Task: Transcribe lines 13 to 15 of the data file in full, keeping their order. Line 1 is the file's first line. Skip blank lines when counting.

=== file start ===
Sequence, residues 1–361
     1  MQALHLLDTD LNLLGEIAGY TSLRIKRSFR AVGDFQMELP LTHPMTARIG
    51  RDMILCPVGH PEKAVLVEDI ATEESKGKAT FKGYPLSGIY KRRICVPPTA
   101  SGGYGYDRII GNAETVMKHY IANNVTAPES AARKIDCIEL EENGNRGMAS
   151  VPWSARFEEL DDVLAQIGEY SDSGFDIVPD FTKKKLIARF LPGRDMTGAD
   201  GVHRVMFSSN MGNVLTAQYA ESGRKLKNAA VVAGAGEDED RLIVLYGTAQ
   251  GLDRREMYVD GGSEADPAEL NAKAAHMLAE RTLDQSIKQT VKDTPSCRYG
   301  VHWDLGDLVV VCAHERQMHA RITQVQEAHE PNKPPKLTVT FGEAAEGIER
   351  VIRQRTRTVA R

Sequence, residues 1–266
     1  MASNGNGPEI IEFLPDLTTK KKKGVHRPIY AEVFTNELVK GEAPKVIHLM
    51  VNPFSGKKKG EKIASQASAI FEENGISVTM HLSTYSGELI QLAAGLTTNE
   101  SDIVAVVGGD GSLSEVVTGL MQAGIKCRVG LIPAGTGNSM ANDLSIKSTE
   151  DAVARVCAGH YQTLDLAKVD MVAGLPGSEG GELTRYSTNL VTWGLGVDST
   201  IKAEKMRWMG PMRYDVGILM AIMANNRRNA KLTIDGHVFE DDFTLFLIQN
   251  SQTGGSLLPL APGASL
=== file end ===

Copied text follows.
   101  SDIVAVVGGD GSLSEVVTGL MQAGIKCRVG LIPAGTGNSM ANDLSIKSTE
   151  DAVARVCAGH YQTLDLAKVD MVAGLPGSEG GELTRYSTNL VTWGLGVDST
   201  IKAEKMRWMG PMRYDVGILM AIMANNRRNA KLTIDGHVFE DDFTLFLIQN